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Helen Keller

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Helen Keller
Helen Keller

Helen Adams Keller (June 27, 1880June 1, 1968) was the first deaf-blind person to graduate from college. She went on to be an accomplished author, activist and lecturer.

Helen Keller was born is Tuscumbia, Alabama in 1880. At the age of 18 months, she came down with an unknown sickness that left her deaf and blind. She remained relatively mute until the age of 7 when Anne Sullivan, a graduate from Perkins School for the Blind, became her teacher.

In 1900, Helen Keller enrolled at Radcliffe College and became the first deaf-blind person to graduate from college in 1904. Anne Sullivan went to college with Helen and tirelessly spelled books and lectures to her pupil.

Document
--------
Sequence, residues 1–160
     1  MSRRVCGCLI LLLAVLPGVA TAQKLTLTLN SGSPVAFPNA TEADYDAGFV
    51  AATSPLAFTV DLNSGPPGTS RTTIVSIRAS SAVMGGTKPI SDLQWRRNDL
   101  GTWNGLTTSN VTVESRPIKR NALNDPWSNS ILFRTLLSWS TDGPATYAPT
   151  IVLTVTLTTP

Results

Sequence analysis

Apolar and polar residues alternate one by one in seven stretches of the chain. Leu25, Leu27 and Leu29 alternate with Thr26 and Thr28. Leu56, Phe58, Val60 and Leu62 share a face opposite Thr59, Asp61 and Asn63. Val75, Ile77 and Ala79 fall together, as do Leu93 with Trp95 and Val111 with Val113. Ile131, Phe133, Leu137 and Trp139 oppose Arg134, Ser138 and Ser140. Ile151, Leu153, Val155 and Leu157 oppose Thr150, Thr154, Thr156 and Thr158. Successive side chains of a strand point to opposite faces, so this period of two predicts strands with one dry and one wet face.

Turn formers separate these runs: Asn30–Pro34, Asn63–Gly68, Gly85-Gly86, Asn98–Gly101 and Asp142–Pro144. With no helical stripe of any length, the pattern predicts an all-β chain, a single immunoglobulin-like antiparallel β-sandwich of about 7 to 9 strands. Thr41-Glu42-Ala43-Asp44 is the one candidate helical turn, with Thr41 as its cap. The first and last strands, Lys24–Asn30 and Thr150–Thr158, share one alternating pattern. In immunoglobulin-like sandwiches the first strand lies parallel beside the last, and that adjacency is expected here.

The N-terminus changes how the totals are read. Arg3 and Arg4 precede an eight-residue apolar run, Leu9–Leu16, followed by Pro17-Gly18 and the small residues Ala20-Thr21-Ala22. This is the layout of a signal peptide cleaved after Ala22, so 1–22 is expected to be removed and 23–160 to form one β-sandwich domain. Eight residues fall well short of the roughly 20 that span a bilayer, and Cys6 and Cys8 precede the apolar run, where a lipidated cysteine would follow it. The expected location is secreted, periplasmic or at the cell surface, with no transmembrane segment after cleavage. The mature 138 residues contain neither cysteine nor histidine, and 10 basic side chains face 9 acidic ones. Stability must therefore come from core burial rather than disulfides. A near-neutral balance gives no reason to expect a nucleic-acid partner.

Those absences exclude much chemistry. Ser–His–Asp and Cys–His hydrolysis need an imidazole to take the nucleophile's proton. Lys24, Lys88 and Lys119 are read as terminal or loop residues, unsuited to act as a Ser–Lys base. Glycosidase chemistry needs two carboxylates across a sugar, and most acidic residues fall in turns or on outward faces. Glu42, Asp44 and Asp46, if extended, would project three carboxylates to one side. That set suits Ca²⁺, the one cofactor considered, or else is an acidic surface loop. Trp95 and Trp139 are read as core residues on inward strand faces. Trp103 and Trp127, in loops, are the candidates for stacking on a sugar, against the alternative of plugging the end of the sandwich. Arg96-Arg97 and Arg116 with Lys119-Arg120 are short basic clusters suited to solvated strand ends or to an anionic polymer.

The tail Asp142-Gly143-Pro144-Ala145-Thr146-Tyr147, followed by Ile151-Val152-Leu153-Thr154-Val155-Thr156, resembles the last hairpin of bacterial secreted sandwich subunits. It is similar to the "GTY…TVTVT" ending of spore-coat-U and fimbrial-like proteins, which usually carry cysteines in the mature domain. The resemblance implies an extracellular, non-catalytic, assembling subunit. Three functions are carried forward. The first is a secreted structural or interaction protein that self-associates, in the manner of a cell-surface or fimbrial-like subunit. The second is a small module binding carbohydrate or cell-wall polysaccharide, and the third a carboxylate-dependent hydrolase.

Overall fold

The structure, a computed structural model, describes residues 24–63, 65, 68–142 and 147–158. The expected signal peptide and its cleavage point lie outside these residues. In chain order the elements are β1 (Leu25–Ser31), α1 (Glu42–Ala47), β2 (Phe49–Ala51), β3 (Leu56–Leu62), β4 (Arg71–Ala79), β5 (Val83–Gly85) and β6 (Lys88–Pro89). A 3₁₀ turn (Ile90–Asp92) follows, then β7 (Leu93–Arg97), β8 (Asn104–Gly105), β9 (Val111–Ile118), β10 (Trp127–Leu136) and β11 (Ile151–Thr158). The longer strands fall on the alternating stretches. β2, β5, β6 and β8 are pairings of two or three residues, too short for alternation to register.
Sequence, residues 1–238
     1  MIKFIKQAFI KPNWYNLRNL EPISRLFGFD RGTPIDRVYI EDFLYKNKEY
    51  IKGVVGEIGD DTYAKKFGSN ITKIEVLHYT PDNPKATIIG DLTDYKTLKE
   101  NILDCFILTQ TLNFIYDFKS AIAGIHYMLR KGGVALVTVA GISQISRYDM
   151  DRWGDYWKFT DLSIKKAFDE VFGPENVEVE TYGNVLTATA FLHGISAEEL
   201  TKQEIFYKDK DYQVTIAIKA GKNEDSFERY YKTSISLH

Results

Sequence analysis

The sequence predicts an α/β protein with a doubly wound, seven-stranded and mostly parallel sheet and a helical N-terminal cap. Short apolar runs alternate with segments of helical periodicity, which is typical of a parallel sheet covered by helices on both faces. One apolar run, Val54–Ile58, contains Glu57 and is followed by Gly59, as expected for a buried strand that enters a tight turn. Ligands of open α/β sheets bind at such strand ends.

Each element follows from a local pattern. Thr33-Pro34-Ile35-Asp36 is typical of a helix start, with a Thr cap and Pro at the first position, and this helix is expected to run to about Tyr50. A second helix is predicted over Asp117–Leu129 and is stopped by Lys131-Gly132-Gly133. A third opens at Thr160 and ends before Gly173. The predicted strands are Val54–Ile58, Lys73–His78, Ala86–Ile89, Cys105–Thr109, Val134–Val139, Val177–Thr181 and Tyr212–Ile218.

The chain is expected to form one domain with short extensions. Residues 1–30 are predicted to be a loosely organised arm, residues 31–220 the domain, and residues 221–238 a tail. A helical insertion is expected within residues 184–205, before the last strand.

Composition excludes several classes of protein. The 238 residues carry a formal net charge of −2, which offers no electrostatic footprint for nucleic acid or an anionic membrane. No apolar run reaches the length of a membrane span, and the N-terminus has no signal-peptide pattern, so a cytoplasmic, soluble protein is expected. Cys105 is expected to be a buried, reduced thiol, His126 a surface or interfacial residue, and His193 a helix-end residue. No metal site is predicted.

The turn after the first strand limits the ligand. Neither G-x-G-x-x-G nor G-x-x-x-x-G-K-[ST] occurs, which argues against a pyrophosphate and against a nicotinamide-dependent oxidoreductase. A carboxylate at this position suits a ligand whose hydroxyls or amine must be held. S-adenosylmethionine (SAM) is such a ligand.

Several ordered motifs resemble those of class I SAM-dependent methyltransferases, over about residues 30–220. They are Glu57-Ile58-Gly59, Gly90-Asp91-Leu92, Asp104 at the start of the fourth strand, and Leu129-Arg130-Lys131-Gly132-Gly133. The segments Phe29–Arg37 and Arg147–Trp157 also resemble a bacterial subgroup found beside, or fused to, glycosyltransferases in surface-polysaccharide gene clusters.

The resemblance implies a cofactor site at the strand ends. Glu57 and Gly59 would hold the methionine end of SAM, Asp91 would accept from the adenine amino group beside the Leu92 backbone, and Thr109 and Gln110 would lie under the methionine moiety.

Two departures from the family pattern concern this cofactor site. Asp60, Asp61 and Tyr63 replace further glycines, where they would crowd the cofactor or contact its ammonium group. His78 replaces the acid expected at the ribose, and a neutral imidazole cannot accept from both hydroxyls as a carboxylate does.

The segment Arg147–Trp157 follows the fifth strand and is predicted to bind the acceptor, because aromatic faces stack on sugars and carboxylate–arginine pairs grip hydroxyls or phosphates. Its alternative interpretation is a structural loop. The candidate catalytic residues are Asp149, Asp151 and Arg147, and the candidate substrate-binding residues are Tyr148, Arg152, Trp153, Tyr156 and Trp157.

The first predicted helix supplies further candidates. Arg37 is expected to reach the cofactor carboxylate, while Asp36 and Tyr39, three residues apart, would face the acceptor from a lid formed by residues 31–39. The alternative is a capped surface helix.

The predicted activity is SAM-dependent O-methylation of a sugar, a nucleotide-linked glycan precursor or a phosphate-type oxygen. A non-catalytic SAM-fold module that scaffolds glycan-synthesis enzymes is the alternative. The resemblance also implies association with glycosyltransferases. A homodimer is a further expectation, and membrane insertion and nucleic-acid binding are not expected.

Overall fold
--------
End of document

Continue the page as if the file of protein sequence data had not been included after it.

She went on to become a famous author and wrote "The Story of My Life" as well as 11 other books on blindness, deafness, social issues and women's rights. In 1936, Helen Keller moved to Westport, Connecticut. She died there on June 1, 1968, at the age of 87. [1]


External Links


References

  1. [http://www.helenkeller.org/graphicversion/bio.html Biography of Helen Keller]. Helen Keller Services for the Blind. Accessed on February 6, 2008.